Civic Tech’s Act III is beginning.

The lights are dimming. It’s time to return to our seats. The third act of civic technology is about to begin.

It’s been a hell of an intermission.

Civic tech practitioners are questioning our methods and our sustainability.

Earlier this year Code for America pulled back its support for the national network of Brigades. The Center for Effective Government (formerly OMBWatch) shut down. Democracy Fund paused their grant-giving to rewrite their playbook. And this week the Sunlight Foundation announced the end of their technology work.

Some of our best talent has already left civil society organizations for the federal government, where they continue to shine as civic technology leaders.

Daniel X. O’Neil, who had been at the center of civic tech in Chicago and as a Sunlight Foundation board member led its (failed) search for a new executive director, previously expressed deep dissatisfaction with what civic tech became:

“Yes, the civic tech movement should be shelved. It has run its course. The models of hack nights and civic apps and techno-determinist solutions have proven ineffective.”

The institutions that lead civic tech before this transition period — what I see as the “Act II” of civic technology — won’t be the ones leading civic tech in Act III.

(lots more below the fold keep reading!)

Act I was our origin story.

The story of civic technology is the story of communities. There has always been civic technology.

But that’s not our story.

Our story is one that begins in the 1990's. It is a story about mostly young, mostly elite technology geeks taking a new interest in government and, by the end of the Act, wielding a power that we perhaps didn’t deserve. We came, we hacked, and we changed policy. We made open data the buzz word it is today. President Obama’s open government initiatives in 2009 were for us. Things were good. The sky was the limit.

And then we moved into Act II… (That was an unreasonably short summary of a 15-year period, apologies, but moving forward — )

Act II was just a dream.

Naïve as some of us may have been when we started, no one ever said solving civic problems with technology would be easy. We knew that.

Tom Lee, as director of Sunlight Labs, captured the problem of civic tech in a post in 2012:

[T]he dream of writing a cron job that moves misbehaving lawmakers smoothly from office to prison was never likely to come to pass.

A “cron job” is tech-speak for an automated program that runs on a schedule. Tom’s point was that government accountability cannot be solved by computer alone.

Tom was also warning of unreasonable expectations — “the dream.”

(So were others: e.g. Yu & Robinson.)

But the dream swallowed reality. Unreasonable expectations were waiting in the wings as Act I reached its climax. Act II (from 2010 to about 2014) was riddled with endless promises by politicians and funders who wanted to ride the train but not make any stops.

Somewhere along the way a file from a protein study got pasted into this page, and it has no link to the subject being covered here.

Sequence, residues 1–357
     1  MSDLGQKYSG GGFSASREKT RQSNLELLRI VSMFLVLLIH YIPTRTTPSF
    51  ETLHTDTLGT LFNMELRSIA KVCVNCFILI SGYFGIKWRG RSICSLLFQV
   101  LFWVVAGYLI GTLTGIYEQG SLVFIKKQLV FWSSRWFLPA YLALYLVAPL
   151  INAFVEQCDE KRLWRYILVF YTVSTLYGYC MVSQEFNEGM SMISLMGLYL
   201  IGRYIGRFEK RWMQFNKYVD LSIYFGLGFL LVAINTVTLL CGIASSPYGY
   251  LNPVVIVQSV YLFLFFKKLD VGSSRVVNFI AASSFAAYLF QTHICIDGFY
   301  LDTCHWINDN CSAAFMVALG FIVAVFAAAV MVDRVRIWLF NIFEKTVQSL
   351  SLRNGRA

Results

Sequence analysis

At the same time, our actual successes reached new heights.

To take one example — In 2010 Sunlight Foundation found $1.3 trillion of misreported government spending. An advocacy campaign ensued to fix it. The campaign was successful, reforms have been enacted, and government agencies are now on the road to better reporting. Kaitlin Devine, who spearheaded Sunlight’s project in 2010, is now spearheading the implementation of the solution from within government. The circle will be complete in a few years.

Closer to home, I’ve been proud to be a part of the opening up of DC’s (municipal) legal code and the launch of Code for DC, and I’m proud of what GovTrack, my main focus, has achieved. I’m excited by the new Legal Hackers movement. So much has gone right.

Act II was the tragedy of the dream eclipsing a very real reality.

The successes of civic tech didn’t register for Sunlight’s board, the foundation’s funders, and other disappointed stakeholders. They only see unmet expectations. I don’t know why.

Act III begins soon.

There will be an Act III, and the curtains will open when the spotlight is put back on what civic tech actually does.

The good and the bad.

We will come to terms with our history, that our collective privilege allowed us to ignore and possibly displace other movements while we were building apps. We did some things wrong. I am following Laurenellen McCann and hope to be a better listener, participant, and co-collaborator with others in Act III.

We will recognize the value of our work, all the same. Magic happens at hacknights. We did good. And we need to pivot. Those aren’t contradictions. Our work must at times be wonky and elite, without losing sight of broader goals, as Nathaniel Heller has written. I’m also following Luigi Ray-Montañez here, who has a vision for the future of CfA’s Brigades.

So much has gone right. Let’s do more of it.

There is more I’d like to say about how to begin our Act III, but for now —

— Places please. —